Such animosity would not only jeopardize the safety of those in the USC community. It would also jeopardize their abilities to enjoy the surrounding area. ’SC students, for example, frequent stores, markets, Laundromats and restaurants owned and staffed by local residents.

What if hostility incurred by the exclusion of locals from campus made visiting these places a less pleasant experience? Would we see a drop in the number of student discounts or businesses that proudly sport a Trojan theme? Would students become even less likely to interact with their non-USC neighbors?

This would be a serious shame, as would losing the campus-community partnership the school has worked hard to cultivate for decades.

Though Nikias’ new policy of a closed campus after 9 p.m. doesn’t do as much damage as it could have, the consequences of alienating the community will still be reflected in miniature. Many locals still make use of the campus after dark and the sudden restriction because of an event which they had no control over is bound to sting a little. Social events might need reform, but by further building up the wall between campus and community, USC would do this university and the surrounding community a disservice.


Francesca Bessey is a sophomore majoring in narrative studies and international relations. Her column “Open Campus” runs Wednesdays.


Editor’s note: This is an alternate viewpoint to Tuesday’s article, “USC must reconsider open campus.”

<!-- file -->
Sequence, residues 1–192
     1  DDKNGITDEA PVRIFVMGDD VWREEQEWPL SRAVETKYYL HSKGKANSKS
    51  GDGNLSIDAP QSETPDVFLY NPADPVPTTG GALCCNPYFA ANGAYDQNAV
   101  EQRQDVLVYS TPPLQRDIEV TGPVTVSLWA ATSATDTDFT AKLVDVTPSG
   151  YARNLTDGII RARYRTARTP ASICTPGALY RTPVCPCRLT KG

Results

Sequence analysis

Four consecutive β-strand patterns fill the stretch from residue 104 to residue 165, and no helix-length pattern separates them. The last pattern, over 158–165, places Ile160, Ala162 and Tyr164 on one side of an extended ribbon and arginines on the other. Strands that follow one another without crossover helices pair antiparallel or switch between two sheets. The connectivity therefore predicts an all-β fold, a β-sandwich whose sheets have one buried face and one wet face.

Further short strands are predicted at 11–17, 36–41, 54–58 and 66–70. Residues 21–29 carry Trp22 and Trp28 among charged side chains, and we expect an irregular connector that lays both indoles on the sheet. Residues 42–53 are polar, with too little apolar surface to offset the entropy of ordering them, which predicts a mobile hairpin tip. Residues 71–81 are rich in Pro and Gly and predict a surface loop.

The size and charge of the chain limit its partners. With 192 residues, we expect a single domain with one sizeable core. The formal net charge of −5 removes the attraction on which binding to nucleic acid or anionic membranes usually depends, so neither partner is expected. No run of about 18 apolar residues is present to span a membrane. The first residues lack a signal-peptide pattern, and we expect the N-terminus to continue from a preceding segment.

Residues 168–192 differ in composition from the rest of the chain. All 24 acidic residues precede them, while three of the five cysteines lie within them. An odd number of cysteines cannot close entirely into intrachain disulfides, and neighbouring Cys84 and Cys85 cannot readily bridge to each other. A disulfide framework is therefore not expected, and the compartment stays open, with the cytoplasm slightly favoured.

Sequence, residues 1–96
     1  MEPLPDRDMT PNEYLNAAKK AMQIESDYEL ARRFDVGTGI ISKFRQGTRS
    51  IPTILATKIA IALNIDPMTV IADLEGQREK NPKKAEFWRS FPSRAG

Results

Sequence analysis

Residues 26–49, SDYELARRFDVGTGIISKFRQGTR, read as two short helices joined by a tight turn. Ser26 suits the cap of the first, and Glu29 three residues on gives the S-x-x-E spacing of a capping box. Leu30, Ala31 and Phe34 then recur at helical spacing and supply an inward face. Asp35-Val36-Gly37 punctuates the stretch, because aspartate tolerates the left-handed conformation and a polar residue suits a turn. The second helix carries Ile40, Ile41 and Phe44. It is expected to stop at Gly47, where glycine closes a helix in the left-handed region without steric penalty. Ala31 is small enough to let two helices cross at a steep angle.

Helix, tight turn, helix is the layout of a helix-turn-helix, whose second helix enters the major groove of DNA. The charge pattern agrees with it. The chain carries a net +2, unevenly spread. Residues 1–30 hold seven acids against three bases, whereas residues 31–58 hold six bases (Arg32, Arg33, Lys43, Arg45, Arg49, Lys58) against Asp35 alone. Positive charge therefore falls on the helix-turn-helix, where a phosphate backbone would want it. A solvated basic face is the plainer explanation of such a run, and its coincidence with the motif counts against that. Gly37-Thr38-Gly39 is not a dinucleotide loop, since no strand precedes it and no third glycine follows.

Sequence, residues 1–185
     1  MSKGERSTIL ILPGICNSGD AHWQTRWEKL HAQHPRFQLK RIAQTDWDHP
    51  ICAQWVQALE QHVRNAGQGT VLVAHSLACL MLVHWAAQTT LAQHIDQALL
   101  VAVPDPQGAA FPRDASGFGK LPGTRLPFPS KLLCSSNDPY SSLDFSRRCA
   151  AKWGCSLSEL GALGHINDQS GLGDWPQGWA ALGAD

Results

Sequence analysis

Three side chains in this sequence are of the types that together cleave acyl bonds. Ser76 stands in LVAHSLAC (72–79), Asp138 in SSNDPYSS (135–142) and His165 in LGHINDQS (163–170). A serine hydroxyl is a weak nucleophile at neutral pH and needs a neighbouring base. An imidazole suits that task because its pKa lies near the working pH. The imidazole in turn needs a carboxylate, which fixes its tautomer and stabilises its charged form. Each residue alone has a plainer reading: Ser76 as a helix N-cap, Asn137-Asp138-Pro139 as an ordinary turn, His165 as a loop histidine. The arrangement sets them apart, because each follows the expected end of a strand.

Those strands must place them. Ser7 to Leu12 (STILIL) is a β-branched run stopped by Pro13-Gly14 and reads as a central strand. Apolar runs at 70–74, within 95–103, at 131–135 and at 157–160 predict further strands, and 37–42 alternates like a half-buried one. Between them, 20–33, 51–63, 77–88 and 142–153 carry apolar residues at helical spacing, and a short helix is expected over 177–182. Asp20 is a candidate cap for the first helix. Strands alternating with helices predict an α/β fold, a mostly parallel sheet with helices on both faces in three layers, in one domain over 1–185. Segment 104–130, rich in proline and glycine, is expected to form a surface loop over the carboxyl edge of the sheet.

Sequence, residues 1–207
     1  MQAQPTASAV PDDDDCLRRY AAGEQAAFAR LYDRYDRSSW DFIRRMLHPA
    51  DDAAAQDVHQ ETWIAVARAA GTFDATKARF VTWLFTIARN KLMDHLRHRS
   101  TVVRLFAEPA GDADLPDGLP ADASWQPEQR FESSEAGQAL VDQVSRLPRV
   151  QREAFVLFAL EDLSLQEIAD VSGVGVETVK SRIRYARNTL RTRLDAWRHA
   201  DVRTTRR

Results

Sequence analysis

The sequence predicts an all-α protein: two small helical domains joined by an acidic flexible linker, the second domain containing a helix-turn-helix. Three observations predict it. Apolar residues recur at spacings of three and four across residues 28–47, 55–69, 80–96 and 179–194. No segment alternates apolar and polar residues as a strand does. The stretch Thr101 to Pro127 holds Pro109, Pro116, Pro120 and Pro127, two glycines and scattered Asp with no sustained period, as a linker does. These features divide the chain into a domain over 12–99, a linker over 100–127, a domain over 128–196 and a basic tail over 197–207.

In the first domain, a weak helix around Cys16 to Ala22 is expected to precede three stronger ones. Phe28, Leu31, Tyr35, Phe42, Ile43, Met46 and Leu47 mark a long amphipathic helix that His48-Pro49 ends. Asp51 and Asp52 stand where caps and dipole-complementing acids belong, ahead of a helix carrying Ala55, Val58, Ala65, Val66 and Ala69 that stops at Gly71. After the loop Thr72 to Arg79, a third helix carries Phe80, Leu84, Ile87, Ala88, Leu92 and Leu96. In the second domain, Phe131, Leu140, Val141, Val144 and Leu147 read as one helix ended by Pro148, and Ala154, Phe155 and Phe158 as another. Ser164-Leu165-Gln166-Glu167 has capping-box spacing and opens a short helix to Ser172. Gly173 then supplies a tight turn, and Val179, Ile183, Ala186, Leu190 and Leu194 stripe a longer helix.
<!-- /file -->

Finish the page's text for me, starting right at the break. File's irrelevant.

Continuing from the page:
15 replies
  1. Robin
    Robin says:

    It is also important to note that USC was here first. It did not insert itself into the surrounding neighborhood. The surrounding community grew around it. The real question is why USC, one of the areas largest property owners, allowed the once vibrant area to slide into poverty and neglect.

    • Manny
      Manny says:

      This is not accurate. The slide into poverty was not the fault of USC. It was the virtual gentrification of the area from the construction of the 10 and the 110, essentially isolating the area, among other demographic and labor changes. I suggest a course in LA History before spreading misinformation.

    • North University Park
      North University Park says:

      “once vibrant area to silde into poverty and neglet.”

      A bit of history: 1965 riots, 1992 riots, Hoover Redevelopment Project mid to late 1970s: By law a Redevelopment area must be declared legally “blighted” for a project to be declared. USC saw it as a chance to be the hidden hand behind redevelopment. It also expanded into the community North and East during this period, often picking up real estate at bargain prices. USC made an oral pact with community activists and politicians not to expand West. This pact is still in effect. Redevelopment, with its threat of eminent domain, also discouraged private development. The rent control law of 1978 encouraged landlords to prefer students (since they move frequently) over other tenants. The establishment of the North University Park Specific Plan in 1983 slowed expansion North of campus but did not stop it altogether. USC did try to stop the SP from being enacted into ordinance.

      All of these factors have contributed to the community we now have.